To compete and thrive in the 21st century, democracies, and the United States in particular, must develop new national security and economic strategies that address the geopolitics of information. In the 20th century, market capitalist democracies geared infrastructure, energy, trade, and even social policy to protect and advance that era’s key source of power—manufacturing. In this century, democracies must better account for information geopolitics across all dimensions of domestic policy and national strategy.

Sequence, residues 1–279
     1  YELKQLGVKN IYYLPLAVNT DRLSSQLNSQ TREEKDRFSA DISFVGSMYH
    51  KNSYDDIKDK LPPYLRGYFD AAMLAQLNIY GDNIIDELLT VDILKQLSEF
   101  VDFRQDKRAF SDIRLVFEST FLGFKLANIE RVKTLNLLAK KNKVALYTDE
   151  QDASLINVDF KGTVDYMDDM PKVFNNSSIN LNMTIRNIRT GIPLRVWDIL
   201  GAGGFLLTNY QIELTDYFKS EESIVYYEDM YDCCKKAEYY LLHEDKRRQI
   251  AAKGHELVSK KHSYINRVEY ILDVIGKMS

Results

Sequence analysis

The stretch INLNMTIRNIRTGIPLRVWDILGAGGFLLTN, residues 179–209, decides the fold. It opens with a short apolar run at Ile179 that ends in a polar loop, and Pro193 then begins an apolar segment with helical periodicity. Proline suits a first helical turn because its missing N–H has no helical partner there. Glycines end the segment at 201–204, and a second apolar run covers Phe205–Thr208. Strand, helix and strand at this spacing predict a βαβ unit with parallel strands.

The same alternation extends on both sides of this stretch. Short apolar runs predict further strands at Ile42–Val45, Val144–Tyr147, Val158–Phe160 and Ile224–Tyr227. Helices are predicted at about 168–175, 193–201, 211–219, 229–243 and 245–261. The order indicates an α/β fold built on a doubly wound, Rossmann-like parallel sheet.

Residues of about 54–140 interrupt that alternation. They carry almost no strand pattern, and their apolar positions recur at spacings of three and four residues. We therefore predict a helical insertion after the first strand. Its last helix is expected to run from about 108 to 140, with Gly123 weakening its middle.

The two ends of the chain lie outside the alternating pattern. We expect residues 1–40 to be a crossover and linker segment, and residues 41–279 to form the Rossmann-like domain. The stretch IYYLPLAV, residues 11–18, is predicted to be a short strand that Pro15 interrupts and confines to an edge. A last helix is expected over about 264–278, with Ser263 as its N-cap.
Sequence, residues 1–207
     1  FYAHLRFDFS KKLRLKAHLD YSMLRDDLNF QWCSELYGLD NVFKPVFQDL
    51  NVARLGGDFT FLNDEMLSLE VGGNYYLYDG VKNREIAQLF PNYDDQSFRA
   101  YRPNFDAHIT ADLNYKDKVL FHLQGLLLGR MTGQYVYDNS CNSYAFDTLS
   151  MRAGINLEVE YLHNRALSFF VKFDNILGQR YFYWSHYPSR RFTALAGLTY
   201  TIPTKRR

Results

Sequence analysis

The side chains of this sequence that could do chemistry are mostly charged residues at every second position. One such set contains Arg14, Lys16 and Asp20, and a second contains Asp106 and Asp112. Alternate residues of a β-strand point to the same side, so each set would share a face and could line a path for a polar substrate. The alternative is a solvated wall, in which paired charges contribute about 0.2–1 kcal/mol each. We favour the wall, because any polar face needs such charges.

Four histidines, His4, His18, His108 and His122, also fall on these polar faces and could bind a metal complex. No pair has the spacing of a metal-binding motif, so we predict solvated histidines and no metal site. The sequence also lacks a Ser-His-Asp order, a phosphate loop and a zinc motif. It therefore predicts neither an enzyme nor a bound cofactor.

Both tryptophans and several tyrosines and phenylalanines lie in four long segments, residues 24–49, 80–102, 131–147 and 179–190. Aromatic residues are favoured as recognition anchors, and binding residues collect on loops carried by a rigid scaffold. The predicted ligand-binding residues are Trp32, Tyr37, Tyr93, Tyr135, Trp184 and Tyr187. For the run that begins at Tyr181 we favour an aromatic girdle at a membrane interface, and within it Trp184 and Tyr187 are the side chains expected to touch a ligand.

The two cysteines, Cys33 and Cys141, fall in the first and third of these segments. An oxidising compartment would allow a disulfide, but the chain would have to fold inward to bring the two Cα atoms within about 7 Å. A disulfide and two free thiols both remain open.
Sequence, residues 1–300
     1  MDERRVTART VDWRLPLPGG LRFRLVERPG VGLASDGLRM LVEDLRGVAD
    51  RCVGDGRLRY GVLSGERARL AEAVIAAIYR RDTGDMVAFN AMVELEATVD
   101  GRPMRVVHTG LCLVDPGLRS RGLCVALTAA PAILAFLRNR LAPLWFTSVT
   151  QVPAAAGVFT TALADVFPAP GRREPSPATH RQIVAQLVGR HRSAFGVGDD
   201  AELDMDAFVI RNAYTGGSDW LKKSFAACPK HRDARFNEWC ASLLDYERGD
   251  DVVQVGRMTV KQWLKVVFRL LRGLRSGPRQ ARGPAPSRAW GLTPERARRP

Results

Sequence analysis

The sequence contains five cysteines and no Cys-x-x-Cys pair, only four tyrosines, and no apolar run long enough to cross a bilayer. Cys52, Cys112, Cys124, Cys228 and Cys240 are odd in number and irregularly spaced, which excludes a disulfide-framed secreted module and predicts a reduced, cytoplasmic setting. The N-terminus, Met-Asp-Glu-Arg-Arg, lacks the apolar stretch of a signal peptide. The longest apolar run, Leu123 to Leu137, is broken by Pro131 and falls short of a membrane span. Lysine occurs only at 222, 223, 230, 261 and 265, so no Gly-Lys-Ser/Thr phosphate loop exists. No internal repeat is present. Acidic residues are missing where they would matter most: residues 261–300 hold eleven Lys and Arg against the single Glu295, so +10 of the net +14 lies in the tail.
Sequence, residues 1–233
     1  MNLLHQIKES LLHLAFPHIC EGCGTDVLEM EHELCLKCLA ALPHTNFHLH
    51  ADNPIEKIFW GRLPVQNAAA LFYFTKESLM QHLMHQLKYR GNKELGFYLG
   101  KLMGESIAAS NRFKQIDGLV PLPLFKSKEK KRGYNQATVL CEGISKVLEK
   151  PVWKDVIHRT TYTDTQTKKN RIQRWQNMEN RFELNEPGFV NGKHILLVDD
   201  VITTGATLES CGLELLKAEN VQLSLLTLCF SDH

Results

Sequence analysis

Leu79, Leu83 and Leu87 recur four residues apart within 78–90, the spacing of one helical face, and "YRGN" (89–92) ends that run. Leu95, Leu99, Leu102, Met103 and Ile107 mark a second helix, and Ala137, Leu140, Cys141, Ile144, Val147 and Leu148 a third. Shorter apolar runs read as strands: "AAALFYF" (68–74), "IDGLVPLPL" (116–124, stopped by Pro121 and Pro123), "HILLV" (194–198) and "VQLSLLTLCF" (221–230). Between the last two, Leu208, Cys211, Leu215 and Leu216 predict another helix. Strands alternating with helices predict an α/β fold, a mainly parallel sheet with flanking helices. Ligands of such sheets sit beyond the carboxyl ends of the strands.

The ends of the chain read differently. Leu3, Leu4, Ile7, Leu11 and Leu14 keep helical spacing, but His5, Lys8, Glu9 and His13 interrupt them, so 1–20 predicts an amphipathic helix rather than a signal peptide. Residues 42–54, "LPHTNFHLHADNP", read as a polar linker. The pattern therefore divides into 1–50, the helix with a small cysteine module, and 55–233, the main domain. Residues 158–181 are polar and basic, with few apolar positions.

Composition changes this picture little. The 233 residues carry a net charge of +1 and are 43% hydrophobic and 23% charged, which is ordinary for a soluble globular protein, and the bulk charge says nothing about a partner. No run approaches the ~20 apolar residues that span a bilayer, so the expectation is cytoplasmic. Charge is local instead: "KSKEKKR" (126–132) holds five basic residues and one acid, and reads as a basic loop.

Erika Manouselis is currently the Project Coordinator for the Future of Diplomacy Project and for the Project on Europe and the Transatlantic Relationship. Previously, she worked as an advisor and speechwriter at the Permanent Mission of Brazil to the United Nations from 2016-2017. She was a research assistant for the Opening the Archives Project, a digitization effort aimed at documenting U.S.-Brazil Relations from 1960s-80s, and for The Brazil Reader: History, Culture, Politics. She was also a translator for a study of the implementation of Brazil’s National Common Core Curricular Base run by Colombia University's Consortium for Policy Research in Education. She holds a B.A. in Classics and political science with honors from Brown University, an MPhil in Political Thought and Intellectual History from the University of Cambridge, and a certificate in Marketing Management from the Harvard Extension School. She is a citizen of the U.S., Brazil, and the EU (Greece).Last Updated: Sep 1, 2020, 3:48pm